As we get closer to the end of the FY 2023 H-1B cap season filing window, there are a few things to keep in mind between now and transitioning to your H-1B visa.
First, remember that the H-1B is set to be effective no earlier than October 1, 2022. You cannot begin working pursuant to your H-1B until that date. Therefore, if you are in the United States, be sure you continue to your underlying non-immigrant status. If you are in a non-immigrant status that does not allow work authorization, do not work until the change of status takes place.
Second, if you are in the United States on another non-immigrant visa, and you believe you applied for a change of status, be sure the change of status was actually approved. USCIS can approve an H-1B petition but still deny the change of status if there was an issue with your previous status or if insufficient documentation was submitted to qualify you for the change of status. Be sure you got an I-94 at the bottom of your I-797, otherwise you will have to go through consular processing to activate your H-1B. A sample of a change of status petition with the change of status approval is below:
As you can see the language in the middle states that the “change of status has been approved.” This as well as the I-94 at the bottom shows that the change of status is approved and on October 1, or upon approval if your case is approved after October 1, you will change status to H-1B.
If you have a change of status approved, do not forget how it may impact your spouse or any dependent children. If you are on an F-1 visa, and set to change status on October 1, and your husband is on F-2 visa, you will need to be sure you have filed a change of status to H-4 for him in order for him to continue to maintain status.
Another piece of guidance is to not seek to change employers before your H-1B takes effect on October 1st. In order to be counted against the H-1B cap, you need to have your change of status approved and effectuated on October 1st or get an H-1B visa stamp. More on that here:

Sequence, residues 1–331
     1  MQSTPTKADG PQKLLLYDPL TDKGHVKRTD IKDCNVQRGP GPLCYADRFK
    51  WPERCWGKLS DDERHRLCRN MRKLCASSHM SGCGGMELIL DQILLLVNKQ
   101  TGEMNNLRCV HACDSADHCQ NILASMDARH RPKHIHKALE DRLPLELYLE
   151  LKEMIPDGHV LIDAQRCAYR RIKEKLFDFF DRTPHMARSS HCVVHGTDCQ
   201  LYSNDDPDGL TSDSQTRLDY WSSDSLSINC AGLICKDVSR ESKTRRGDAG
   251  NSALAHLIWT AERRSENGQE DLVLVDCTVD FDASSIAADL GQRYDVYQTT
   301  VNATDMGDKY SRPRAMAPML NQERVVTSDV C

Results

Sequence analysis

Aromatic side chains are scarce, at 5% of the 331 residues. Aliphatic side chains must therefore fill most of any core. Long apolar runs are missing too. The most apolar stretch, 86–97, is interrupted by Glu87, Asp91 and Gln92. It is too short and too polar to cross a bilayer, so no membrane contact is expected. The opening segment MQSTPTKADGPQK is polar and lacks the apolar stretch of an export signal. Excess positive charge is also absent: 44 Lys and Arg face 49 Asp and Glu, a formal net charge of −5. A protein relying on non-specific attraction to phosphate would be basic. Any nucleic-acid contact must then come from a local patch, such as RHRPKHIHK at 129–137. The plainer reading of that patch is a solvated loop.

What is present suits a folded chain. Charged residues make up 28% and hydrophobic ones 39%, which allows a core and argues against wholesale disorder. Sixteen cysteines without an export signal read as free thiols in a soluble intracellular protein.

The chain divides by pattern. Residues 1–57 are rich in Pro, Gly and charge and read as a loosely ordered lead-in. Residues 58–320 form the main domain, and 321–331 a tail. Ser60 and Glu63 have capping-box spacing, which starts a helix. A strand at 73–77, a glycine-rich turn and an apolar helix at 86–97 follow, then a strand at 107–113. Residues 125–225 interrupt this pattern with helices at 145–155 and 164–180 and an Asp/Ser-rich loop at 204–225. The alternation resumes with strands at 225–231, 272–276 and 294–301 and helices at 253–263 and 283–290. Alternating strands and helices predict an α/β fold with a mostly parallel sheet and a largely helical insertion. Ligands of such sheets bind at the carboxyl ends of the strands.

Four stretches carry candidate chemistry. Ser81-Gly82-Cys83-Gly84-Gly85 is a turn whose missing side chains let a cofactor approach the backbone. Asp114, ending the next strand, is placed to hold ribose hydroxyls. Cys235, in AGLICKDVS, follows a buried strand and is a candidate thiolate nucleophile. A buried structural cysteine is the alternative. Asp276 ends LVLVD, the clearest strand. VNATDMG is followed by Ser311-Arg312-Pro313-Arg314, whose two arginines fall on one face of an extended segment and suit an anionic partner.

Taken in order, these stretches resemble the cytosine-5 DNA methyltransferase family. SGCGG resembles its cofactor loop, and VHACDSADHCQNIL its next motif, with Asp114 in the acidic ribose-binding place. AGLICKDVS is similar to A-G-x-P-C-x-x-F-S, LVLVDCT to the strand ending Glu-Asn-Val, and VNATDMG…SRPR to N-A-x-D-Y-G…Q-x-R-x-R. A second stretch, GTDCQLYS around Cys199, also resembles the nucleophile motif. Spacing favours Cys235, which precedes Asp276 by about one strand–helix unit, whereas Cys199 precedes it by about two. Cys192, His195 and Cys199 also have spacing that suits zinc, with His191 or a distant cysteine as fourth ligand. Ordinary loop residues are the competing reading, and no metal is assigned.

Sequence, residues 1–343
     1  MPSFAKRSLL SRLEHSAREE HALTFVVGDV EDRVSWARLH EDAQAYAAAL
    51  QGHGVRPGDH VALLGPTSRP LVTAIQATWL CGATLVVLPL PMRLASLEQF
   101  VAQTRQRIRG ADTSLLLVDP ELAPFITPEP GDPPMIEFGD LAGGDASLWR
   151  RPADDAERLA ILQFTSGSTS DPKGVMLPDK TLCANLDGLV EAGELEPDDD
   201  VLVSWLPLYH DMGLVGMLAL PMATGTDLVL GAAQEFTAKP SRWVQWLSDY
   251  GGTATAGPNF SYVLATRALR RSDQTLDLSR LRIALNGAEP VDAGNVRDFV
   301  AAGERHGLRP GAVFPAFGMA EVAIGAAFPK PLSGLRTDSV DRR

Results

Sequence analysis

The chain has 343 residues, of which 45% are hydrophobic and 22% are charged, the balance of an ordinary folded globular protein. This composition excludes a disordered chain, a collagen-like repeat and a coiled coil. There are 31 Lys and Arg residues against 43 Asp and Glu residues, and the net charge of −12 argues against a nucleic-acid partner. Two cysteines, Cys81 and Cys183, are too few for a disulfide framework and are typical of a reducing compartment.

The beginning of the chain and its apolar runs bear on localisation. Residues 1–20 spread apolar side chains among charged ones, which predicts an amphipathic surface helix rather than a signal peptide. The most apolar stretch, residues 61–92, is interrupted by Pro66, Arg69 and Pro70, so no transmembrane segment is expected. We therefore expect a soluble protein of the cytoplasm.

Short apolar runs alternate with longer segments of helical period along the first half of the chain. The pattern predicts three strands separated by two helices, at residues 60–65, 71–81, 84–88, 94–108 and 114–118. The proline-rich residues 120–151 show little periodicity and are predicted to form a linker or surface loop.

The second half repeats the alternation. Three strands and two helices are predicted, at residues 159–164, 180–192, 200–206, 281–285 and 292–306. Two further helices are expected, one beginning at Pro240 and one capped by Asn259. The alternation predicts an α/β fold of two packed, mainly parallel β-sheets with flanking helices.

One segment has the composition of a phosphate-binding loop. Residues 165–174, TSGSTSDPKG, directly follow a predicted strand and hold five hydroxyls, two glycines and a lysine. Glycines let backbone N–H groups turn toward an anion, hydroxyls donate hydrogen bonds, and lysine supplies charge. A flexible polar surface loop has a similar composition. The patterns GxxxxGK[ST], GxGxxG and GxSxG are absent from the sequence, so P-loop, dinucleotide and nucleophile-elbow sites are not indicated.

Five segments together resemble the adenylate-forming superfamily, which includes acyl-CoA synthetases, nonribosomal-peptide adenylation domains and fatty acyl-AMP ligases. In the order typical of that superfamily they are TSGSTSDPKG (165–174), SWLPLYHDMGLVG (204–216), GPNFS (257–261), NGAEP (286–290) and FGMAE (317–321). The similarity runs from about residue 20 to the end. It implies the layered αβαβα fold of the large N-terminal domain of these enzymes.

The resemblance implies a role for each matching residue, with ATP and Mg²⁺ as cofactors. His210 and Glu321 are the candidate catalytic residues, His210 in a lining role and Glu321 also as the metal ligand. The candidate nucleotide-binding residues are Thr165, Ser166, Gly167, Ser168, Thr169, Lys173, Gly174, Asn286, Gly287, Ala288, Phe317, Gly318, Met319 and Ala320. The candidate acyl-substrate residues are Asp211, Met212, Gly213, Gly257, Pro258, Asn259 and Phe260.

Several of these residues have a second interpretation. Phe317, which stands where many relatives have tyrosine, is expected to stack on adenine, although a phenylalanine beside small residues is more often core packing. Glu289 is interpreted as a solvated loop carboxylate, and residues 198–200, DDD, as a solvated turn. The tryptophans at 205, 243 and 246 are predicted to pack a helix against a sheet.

If you attempt to change employers prior to October 1, there are a few things to consider prior to doing so. First, USCIS may not approve a transfer petition as you technically can’t file as cap exempt as you are not yet counted against the cap. Second, your current H-1B employer could withdraw your H-1B since you are no longer employed by them. This could impact your ability to be counted against the cap if it is done before October 1st. For those that need to get H-1B stamping in order to be counted against the cap, changing employers may result in a denial as you are not counted against the cap, and you may not receive your H-1B visa stamp.
For those that need to get H-1B visa stamping in order to activate their H-1B, there are some timing considerations when it comes to doing so. Department of State guidance generally allows you to apply for your H-1B visa stamping only 90 days prior to your H-1B start date. Therefore, if your start date is October 1, you can apply for your H-1B visa stamp no earlier than July 3, assuming your H-1B is approved by then. Once you receive your H-1B visa stamp, you cannot immediately enter the US. You may not enter the US more than 10 days prior to your I-797 validity date. Therefore, if your H-1B shows a start date of October 1, you cannot enter until September 21. More FAQs about visa stamping and entry can be found here:
Transitioning to an H-1B is the next step in your employment immigration process. Be mindful of your H-1B validity dates and six year period, and if you are subject to the visa bulletin, mostly Indian and Chinese nationals, be sure you start your green card process well in advance of the 6 year limit.
Congratulations on your H-1B approval and taking the next step. If you have any questions about your future immigration journey, contact a qualified immigration attorney.
Steven Brown is a Partner at Reddy & Neumann, P.C. where he works in the Non-immigrant visa department and leads the Litigation Team. His practice covers all phases of the non-immigration visa process including filing H-1B, L-1, E-3, H-4, and H-4 EAD petitions. In the last two years, Steven has successfully handled over 1,000 non-immigrant visa petitions including filing petitions, responding to any necessary Requests for Evidence, and drafting motions and appeals. He has also become a key resource for F-1 students that seek guidance on properly complying with the F-1 visa regulations and any OPT or CPT issues they may have. Additionally, Steven holds a weekly conference call for companies that are part of one of the largest organizations for IT Services companies in America.